John Oliver is leaving The Daily Show after seven years.
Oliver, who joined The Daily Show as its Senior British Correspondent in 2006, will host his own "topical weekly comedy series" at HBO. The program launches in 2014, and will air Sunday nights. Similar to The Daily Show, Oliver's new series will take a satirical look at news, politics, and current events.
"We weren't otherwise searching for another weekly talk show, but when we saw John Oliver handling host duties on The Daily Show, we knew that his singular perspective and distinct voice belonged on HBO," said HBO president Michael Lombardo in a statement. "We are extremely excited that John has agreed to make HBO his home."
John Oliver hosted The Daily Show for eight weeks this summer while Jon Stewart was filming his upcoming drama, Rosewater, in Jordan. The film is based on the memoir, Then They Came for Me, by Maziar Bahari and Aimee Molloy, which chronicles Bahari's family history and his arrest and 118-day imprisonment following the 2009 Iran presidential election.
Oliver's turn hosting The Daily Show received generally positive reviews from critics, with some suggesting he should succeed Stewart or get his own show.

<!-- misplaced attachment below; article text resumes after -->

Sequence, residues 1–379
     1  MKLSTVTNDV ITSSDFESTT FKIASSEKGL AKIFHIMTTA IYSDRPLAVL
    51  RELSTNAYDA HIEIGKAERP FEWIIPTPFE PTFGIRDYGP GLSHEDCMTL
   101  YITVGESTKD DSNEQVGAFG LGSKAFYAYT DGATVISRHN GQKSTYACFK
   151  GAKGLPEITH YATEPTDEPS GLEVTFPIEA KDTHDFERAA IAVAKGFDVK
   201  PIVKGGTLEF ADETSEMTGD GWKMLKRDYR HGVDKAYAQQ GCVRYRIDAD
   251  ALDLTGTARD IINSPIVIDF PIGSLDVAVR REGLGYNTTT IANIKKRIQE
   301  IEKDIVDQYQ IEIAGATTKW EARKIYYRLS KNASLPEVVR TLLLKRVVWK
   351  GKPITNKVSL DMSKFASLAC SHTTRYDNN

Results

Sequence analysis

"I'm incredibly excited to be joining HBO, especially as I presume this means I get free HBO now," John Oliver said. "I want to thank Comedy Central, and everyone at The Daily Show for the best seven and a half years of my life. But most of all, I'd like to thank Jon Stewart. He taught me everything I know. In fact, if I fail in the future, it's entirely his fault."
The 36-year-old Birmingham, England, native had a recurring role on Community as Dr. Ian Duncan, a professor of psychology at Greendale Community College. Oliver didn't appear in the third season, and his absence was referenced by Troy (Donald Glover) in the fourth season when he asks if anyone has seen him lately. Oliver turned down a regular role because he didn't want to leave The Daily Show.
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